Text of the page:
VH1 Gets #Plussed With New On-Air Look and Logo


When VH1 got started way back in 1985, the cable TV network followed right in the footsteps of its sibling MTV, although focused its efforts at an older demo. While MTV (short for Music Television) scored big with tunes for adolescents and young adults (Men at Work, anyone?), VH1 (an acronym for Video Hits One) was going for the slightly older crowd, playing music videos featuring the likes of Elton John, Donna Summer, and Rod Stewart.

The thirst for an endless stream of music videos on both Viacom-owned channels came to a halt only a few years into their collective existence and shows with varying levels of quality were cranked out. VH1 scored hits with the annotated Pop-Up Video series, the gossipy tell-all bio series Behind the Music, and the artist-centric VH1 Storytellers. The music in both brands has consistently been drowned out since then with a slew of other programming, inspiring the perennial plea by boomers to bring back the music to MTV and VH1 (season three of IFC’s Portlandia kicked off with a plotline to take back MTV from tween with its original VJs and news anchor, Kurt Loder.)

VH1, for one, has decided to indicate that shift with a change in its logo (or as the company likes to call it, “tagmark”). 

As announced at the TCA TV Critics Association press tour, VH1 is kicking off the new year by adding a plus sign to the end of its logo, to reflect the changes in the digital world — meshing together the network’s music, pop culture and nostalgia content together — in tandem with adopting a black-and-white look and feel to its visual identity and on-air promos. It’s promoting the new look with, naturally, a #plussed hashtag on Twitter.[more]

The network’s not suffering — the ad-supported basic cable network has 96 million U.S. subscribers, although it would like to (as with all TV network brands) skew younger and more affluential — and boasts “shows like Mob Wives, Single Ladies, and Love & Hip Hop Atlanta helped the channel increase primetime ratings in the adult 18-49 demo by 33 percent and total viewers in primetime by 14 percent” last year, according to EW.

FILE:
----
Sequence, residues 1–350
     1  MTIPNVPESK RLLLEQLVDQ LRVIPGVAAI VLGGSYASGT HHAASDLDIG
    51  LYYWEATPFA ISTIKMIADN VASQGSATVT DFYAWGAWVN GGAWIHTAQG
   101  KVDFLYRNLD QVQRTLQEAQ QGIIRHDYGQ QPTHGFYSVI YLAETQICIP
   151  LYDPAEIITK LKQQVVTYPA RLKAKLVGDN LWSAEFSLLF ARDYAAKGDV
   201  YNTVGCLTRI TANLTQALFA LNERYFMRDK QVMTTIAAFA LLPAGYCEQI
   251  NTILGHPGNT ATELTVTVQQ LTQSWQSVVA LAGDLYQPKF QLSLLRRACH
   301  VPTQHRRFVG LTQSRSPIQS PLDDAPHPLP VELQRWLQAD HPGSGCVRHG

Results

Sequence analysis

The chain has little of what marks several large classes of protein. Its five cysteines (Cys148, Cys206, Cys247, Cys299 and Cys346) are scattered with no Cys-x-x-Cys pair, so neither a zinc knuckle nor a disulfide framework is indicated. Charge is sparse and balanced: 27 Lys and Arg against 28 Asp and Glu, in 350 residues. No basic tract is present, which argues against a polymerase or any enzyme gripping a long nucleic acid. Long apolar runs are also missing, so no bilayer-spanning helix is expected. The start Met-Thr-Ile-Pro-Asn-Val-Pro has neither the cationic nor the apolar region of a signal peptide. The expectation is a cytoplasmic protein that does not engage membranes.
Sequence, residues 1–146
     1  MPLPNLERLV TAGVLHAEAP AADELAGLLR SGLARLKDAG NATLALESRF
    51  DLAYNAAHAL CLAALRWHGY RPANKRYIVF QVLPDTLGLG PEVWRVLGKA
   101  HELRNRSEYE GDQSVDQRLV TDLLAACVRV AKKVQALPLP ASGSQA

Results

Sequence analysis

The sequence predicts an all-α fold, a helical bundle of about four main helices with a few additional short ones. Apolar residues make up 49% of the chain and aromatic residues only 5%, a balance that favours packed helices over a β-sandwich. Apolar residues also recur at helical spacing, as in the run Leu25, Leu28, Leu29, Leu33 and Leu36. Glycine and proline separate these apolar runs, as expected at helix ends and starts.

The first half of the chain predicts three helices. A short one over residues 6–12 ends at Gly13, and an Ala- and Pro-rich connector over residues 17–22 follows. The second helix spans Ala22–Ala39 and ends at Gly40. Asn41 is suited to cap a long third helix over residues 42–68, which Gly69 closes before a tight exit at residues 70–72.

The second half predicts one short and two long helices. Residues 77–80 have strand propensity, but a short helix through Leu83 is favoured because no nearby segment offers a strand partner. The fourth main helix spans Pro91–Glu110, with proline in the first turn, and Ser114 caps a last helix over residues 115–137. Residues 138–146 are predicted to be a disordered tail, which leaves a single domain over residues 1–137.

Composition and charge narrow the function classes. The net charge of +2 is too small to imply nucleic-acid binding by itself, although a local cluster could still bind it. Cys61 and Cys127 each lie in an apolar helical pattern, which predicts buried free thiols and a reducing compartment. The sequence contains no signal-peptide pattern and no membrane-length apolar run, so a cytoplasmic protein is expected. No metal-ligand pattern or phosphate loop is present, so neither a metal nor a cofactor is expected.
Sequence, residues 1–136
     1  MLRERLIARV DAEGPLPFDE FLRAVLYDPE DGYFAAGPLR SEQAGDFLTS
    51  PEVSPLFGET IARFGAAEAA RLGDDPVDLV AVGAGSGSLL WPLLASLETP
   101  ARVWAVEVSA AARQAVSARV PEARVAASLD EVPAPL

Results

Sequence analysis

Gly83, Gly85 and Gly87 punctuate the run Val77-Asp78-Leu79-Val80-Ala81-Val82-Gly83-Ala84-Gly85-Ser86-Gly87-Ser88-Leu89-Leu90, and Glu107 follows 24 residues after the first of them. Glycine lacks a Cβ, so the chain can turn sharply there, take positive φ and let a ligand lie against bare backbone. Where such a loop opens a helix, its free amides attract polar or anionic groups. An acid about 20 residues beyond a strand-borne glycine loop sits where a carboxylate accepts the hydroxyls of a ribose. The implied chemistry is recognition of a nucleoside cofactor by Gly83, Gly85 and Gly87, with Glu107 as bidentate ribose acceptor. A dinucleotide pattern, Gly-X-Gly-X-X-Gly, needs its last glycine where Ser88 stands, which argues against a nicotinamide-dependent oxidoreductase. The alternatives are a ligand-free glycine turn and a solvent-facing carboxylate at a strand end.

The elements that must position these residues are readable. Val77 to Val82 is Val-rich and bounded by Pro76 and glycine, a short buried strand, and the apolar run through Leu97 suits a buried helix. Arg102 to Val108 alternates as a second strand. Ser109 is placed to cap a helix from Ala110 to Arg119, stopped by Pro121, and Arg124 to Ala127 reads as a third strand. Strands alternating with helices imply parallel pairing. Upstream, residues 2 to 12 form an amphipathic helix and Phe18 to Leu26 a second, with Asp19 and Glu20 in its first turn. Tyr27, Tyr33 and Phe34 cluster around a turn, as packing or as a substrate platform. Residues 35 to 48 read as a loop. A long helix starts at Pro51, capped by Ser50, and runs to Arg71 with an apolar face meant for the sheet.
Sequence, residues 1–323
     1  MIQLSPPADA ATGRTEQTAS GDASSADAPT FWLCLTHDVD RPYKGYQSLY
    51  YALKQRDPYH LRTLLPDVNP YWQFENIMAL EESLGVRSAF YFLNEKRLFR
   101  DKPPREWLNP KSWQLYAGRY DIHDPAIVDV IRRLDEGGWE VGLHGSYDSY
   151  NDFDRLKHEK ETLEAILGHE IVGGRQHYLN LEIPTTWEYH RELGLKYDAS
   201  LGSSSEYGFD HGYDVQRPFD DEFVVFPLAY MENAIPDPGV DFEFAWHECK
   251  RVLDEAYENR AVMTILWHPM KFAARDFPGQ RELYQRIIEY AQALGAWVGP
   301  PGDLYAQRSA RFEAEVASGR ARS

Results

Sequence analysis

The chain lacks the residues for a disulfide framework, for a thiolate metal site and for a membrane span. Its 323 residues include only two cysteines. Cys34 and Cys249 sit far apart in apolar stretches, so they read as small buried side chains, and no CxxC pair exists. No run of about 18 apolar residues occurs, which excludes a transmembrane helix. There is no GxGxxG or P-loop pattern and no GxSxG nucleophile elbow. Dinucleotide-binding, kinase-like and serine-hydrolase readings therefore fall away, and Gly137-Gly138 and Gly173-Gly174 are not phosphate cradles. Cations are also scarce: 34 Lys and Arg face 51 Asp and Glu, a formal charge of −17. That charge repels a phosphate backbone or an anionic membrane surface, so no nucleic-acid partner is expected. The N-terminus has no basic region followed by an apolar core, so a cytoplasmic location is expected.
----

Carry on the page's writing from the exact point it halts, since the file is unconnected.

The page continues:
So if it ain’t broke, shift it up a little more, right? In addition to deep-sixing its old boxy logo (at right), the channel will see the return of Best Week Ever later this month and the debut of The Jenny McCarthy Show in February, while doing more on digital and mobile to engage viewers, in step with Viacom’s social TV focus for all its media brands.

“VH1 is entertainment on steroids,” VH1 president Tom Calderone stated. “We have a legacy of cranking it up to 11, so our ‘tagmark’ helps us to easily convey that to our viewers and build on the promise of delivering our bold and engaging mash-up of music, pop culture and nostalgia that generates so much buzz.” 

“10 years ago, no one had ever heard of Justin Bieber, Mark Zuckerberg just entered Harvard, iPhones were five years away and hashtags didn’t exist,” Calderone told the Hollywood Reporter. “Our world has clearly changed, so we want to reflect those cultural and technological changes in each of the many ways that consumers now touch the VH1 brand.”

Find out more about VH1’s refreshed branding in the videos below, and tell us: Is the new logo a plus or minus for the brand?